OS name: "linux", version: "2.6.32-431.1.2.0.1.el6.i686", arch: "i386", family: "unix"

Check the environment variables:

echo $MAVEN_HOME

Sample output:

/opt/maven

Or

echo $PATH

Sample output:

/usr/lib/qt-3.3/bin:/opt/maven/bin:/usr/java/jdk1.8.0_05/bin:/opt/ant/bin:/usr/local/sbin:/usr/local/bin:/sbin:/bin:/usr/sbin:/usr/bin:/root/bin

Install Tomcat

From the Apache Tomcat project home page,

Apache Tomcat is an open source software implementation of the Java Servlet and JavaServer Pages technologies. The Java Servlet and JavaServer Pages specifications are developed under the Java Community Process. Apache Tomcat is developed in an open and participatory environment and released under the Apache License version 2. Apache Tomcat is intended to be a collaboration of the best-of-breed developers from around the world. Apache Tomcat powers numerous large-scale, mission-critical web applications across a diverse range of industries and organizations.

First, download the latest version from the project download page. At the time of writing this article, the stable Tomcat version is 7.0.53. For the purpose of this tutorial, I will be using Apache Tomcat binary zip file.

wget http://www.gaidso.com/apache/tomcat/tomcat-7/v7.0.53/bin/apache-tomcat-7.0.53.zip

Extract it using command:

unzip apache-tomcat-7.0.53.zip

Move the extracted contents to /opt/ directory.

mv apache-tomcat-7.0.53/ /opt/tomcat

Setup Tomcat environment variable

Create a file called tomcat.sh under /etc/profile.d/ directory.

vi /etc/profile.d/tomcat.sh

Add the following contents:

#!/bin/bash
CATALINA_HOME=/opt/tomcat
PATH=$CATALINA_HOME/bin:$PATH
export PATH CATALINA_HOME
export CLASSPATH=.

Save and close the file. Make it executable using the following command.

chmod +x /etc/profile.d/tomcat.sh

Then, set the environment variables permanently by running the following command:

source /etc/profile.d/tomcat.sh

Now, we have to start the Tomcat server. Before starting Tomcat, give executable permission to the following script files.

chmod +x $CATALINA_HOME/bin/startup.sh
chmod +x $CATALINA_HOME/bin/shutdown.sh
chmod +x $CATALINA_HOME/bin/catalina.sh

Start Tomcat server by running the following command from your Terminal.

cd $CATALINA_HOME/bin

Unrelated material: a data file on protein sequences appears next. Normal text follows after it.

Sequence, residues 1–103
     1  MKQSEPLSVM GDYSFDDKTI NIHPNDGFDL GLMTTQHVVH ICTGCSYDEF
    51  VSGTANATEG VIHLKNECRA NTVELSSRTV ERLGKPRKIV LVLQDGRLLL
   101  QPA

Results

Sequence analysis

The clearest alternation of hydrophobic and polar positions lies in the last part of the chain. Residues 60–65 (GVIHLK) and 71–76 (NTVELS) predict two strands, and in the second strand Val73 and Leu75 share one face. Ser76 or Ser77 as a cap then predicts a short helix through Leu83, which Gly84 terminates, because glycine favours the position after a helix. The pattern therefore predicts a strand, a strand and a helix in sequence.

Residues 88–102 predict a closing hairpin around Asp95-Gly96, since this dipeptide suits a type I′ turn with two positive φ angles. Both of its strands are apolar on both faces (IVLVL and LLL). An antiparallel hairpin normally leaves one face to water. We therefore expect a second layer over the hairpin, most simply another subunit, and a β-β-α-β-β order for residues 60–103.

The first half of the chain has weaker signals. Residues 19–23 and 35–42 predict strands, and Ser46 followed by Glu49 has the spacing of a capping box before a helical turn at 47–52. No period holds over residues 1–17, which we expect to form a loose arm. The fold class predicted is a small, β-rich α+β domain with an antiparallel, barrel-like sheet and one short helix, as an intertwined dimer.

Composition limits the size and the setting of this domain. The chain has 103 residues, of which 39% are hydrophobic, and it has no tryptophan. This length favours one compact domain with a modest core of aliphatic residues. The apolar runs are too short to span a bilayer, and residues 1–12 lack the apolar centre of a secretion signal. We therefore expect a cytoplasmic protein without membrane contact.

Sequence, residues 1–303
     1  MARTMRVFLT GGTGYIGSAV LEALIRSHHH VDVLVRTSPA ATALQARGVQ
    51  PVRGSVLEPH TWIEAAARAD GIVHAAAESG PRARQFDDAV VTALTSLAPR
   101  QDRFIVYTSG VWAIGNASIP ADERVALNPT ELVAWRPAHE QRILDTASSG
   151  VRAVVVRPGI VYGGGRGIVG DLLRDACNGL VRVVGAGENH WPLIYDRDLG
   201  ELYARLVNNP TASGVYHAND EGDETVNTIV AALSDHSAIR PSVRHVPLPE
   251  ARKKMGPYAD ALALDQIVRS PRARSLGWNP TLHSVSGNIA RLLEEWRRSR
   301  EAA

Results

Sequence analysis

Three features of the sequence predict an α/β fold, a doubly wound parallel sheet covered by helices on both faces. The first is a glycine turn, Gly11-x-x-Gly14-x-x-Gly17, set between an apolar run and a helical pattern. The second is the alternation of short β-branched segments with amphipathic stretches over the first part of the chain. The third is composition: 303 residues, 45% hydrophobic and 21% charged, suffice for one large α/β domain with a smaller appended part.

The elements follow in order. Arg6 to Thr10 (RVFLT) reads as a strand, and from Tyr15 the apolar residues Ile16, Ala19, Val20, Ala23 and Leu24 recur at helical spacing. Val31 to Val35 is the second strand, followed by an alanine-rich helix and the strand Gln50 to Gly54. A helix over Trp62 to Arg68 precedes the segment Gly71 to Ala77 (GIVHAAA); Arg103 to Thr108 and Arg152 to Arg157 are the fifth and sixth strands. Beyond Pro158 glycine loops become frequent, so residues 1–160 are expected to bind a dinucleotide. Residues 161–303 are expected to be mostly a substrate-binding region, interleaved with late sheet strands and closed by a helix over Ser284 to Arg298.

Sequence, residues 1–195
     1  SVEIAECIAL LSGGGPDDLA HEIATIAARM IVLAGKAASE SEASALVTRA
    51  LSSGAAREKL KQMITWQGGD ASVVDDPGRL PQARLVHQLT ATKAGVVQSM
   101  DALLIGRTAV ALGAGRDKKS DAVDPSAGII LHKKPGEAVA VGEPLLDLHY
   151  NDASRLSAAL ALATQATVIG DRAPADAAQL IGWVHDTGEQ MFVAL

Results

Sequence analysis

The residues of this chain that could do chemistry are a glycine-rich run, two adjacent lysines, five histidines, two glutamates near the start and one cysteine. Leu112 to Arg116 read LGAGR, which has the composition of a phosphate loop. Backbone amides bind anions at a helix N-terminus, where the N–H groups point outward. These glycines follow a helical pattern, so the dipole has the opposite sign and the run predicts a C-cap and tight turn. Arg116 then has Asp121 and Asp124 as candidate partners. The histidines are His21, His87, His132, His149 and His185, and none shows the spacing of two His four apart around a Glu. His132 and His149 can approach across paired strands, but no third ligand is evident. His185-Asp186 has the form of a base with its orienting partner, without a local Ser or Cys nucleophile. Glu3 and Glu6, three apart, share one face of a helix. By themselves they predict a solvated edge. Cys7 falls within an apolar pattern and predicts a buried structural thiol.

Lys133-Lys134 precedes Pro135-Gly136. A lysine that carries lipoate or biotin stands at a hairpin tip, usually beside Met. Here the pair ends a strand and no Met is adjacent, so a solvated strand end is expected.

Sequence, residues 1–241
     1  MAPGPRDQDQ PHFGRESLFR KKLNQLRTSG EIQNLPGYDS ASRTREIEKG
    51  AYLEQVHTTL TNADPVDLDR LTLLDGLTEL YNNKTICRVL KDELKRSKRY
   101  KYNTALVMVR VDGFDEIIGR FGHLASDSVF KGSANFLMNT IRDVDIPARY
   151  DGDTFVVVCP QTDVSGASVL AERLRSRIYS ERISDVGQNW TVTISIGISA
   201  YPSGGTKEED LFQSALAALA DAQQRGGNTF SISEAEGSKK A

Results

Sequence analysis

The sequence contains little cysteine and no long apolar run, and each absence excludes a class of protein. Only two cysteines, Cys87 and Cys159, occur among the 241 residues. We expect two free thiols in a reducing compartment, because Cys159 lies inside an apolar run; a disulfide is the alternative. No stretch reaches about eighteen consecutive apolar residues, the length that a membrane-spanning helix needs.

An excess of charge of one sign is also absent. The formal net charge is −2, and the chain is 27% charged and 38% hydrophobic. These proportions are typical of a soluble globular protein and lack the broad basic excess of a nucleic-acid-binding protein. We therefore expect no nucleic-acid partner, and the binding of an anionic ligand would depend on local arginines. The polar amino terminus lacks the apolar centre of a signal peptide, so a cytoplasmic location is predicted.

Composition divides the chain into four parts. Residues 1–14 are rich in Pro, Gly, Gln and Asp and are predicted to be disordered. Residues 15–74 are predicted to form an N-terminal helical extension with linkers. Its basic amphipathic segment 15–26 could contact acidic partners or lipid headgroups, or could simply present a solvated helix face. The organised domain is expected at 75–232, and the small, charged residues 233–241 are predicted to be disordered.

./startup.sh

Sample output:

Using CATALINA_BASE:   /opt/tomcat
Using CATALINA_HOME:   /opt/tomcat
Using CATALINA_TMPDIR: /opt/tomcat/temp
Using JRE_HOME:        /usr/java/jdk1.8.0_05
Using CLASSPATH:       /opt/tomcat/bin/bootstrap.jar:/opt/tomcat/bin/tomcat-juli.jar
Tomcat started.

As you see in the above output, the Tomcat server has been started. Now, open up the browser and navigate to http://ip-address:8080/.

Make sure you’ve allowed the Tomcat default port 8080 through iptables.

To do that, edit file /etc/sysconfig/iptables,

vi /etc/sysconfig/iptables

Add the following line:

[...]
-A INPUT -m state --state NEW -m tcp -p tcp --dport 8080 -j ACCEPT
[...]

Save and close the file and restart the iptables service.

service iptables restart

Now, navigate to http://ip-address:8080 from your web browser. You should see the following screen.

Apache Tomcat-7.0.53 - Mozilla Firefox_001

Voila! Congratulations! The Tomcat server is up and working.

To stop the server, just enter the following commands:

cd $CATALINA_HOME/bin
./shutdown.sh

Autostart Tomcat

We haven’t finished yet. The Tomcat server won’t start after the system reboots. You have to make it to start automatically on every reboot. It’s not that difficult to do. Just follow the steps given below.

Create a file called tomcat under /etc/init.d/ directory.

vi /etc/init.d/tomcat

Copy/paste the following lines in it. Replace the JAVA and Tomcat paths and environment variables with your own.

#!/bin/sh
# chkconfig: 2345 80 20

# Description: Tomcat Start/Shutdown script

export JAVA_HOME=/usr/java/jdk1.8.0_05

case $1 in
start)
cd /opt/tomcat/bin/
./startup.sh
;;
stop)
cd /opt/tomcat/bin/
./shutdown.sh
;;
restart)
cd /opt/tomcat/bin/
./shutdown.sh
cd /opt/tomcat/bin/
./startup.sh
;;
esac
exit 0
Save and close the file. Set executable permission to the above file.

chmod a+x /etc/init.d/tomcat

Run the following command to add the tomcat service.

chkconfig --add tomcat

NB: Add double dash(–) in front of add.

Now, start the tomcat service and make it to start automatically as shown below.

service tomcat start
chkconfig tomcat on

That’s all now. We have successfully installed the Apache siblings Ant, Maven, and Tomcat.

Cheers!

For questions please refer to our Q/A forum at : http://ask.unixmen.com/

Share this Article: Facebook265Google+0Twitter12LinkedIn5Reddit0StumbleUpon1